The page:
Dairy industry alert: new trends that could affect your business! [223rd Edition of Foodcom DAIRY Newsletter]

Foodcom Experts
Dairy industry alert: new trends that could affect your business! [223rd Edition of Foodcom DAIRY Newsletter]
Table of contents
  • Skimmed milk powder (SMP) and cheeses like Gouda and Edam are maintaining stable prices due to strong demand, despite cheaper spot offers.
  • Butter and cream prices have fallen, but future contracts show uncertainty due to variable supply and demand conditions.
  • New research indicates that avian influenza virus can persist in raw milk even after pasteurization, highlighting the need for further safety studies.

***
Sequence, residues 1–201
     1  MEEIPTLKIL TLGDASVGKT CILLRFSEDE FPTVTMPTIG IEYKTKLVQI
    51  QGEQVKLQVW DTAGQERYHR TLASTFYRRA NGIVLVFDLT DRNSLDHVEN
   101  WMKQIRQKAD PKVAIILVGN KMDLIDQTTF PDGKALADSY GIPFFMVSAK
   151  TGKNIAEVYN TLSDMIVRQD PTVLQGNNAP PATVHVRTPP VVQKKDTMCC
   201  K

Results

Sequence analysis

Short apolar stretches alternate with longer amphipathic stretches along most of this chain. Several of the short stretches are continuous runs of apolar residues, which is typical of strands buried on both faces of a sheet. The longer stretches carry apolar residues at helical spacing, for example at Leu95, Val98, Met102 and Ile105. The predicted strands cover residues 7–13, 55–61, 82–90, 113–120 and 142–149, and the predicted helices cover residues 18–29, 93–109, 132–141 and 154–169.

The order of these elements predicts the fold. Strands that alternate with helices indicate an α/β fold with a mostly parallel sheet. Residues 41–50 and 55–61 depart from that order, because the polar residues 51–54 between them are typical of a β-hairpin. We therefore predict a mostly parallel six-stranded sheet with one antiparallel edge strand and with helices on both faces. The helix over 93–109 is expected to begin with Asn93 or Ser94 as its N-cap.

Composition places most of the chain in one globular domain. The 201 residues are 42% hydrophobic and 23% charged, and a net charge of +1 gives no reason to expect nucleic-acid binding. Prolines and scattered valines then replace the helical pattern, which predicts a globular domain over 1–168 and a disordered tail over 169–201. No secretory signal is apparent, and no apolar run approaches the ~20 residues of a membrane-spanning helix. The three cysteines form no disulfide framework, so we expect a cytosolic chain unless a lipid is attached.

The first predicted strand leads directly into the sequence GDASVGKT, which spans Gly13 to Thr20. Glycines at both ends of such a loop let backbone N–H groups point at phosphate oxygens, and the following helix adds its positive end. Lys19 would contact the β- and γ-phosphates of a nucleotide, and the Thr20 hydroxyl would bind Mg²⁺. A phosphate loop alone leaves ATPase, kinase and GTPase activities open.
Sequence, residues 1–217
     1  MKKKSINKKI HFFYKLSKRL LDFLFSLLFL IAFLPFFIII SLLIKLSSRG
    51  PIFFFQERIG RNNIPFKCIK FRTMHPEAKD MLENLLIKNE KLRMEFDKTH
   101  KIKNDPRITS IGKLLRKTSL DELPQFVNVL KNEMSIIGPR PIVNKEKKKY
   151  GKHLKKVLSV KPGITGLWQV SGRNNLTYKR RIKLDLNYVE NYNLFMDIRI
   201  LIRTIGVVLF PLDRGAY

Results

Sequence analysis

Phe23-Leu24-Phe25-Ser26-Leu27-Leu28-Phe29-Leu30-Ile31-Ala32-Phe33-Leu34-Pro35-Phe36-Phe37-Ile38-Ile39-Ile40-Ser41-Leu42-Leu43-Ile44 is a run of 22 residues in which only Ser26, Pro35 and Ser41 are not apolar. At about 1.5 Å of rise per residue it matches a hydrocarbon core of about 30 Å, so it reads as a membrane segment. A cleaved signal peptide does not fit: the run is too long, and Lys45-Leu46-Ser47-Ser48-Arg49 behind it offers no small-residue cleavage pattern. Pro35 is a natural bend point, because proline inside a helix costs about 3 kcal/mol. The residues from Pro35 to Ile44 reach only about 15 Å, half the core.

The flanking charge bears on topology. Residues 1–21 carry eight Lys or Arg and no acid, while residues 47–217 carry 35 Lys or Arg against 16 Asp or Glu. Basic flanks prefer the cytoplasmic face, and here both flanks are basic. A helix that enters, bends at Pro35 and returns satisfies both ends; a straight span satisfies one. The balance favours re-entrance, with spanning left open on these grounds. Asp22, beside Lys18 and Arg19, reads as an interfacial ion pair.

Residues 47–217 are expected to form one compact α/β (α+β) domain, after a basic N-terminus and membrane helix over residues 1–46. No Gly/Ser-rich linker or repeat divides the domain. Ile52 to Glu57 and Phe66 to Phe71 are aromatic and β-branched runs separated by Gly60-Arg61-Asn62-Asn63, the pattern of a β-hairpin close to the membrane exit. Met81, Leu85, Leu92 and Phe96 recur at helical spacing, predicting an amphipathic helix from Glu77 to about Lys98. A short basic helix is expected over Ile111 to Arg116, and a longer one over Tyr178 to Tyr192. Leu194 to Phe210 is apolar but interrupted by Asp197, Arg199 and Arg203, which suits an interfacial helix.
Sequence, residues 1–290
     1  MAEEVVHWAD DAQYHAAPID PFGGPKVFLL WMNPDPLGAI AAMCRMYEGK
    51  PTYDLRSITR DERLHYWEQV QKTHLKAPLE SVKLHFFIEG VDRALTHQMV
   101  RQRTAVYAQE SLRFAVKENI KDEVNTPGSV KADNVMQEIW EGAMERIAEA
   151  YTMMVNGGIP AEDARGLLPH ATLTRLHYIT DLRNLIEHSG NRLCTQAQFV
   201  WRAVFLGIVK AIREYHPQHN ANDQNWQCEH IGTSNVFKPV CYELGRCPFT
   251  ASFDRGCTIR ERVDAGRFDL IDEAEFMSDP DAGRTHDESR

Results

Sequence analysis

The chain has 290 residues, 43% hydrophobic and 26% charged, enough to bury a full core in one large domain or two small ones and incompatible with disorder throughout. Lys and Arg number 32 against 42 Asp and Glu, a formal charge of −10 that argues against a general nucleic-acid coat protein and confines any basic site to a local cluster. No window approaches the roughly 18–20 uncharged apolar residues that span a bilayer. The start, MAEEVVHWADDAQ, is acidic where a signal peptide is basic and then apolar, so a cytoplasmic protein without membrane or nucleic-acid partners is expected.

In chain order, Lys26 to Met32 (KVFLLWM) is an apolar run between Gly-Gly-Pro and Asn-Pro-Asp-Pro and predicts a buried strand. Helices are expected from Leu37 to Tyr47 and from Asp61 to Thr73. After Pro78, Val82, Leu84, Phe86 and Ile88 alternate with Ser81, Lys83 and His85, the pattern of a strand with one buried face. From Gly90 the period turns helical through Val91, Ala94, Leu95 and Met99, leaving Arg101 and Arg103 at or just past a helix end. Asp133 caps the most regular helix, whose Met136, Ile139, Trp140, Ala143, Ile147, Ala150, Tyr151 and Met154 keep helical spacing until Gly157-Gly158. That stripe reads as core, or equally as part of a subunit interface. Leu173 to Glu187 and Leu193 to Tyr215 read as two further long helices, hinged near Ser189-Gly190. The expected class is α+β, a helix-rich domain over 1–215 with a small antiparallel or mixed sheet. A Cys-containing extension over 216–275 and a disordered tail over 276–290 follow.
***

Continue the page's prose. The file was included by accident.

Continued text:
Hello Partners!

Welcome back to our Newsletter!

Dairy prices show little fluctuation, reflecting a balanced market with optimism for the future. Skimmed milk powder (SMP) and Gouda and Edam cheeses are maintaining stable prices due to strong demand, despite the availability of cheaper spot offers. Butter and cream prices have fallen, but future contracts show uncertainty. The whey powder market remains stable, driven by steady demand in the feed sector. In addition, efforts to reduce methane emissions in agriculture are growing, and new research on avian influenza in raw milk underscores the need for further analysis for public safety.

Let’s take a look at what else is happening in the dairy market!

Skimmed Milk Powder

SMP for feed in bulk DAP Netherlands has experienced a slight decrease in prices, now trading around 2300-2350 EUR/MT for both spot and Q3 transactions. The feed sector continues to absorb most of the SMP output, and the current price levels suggest a well-balanced market.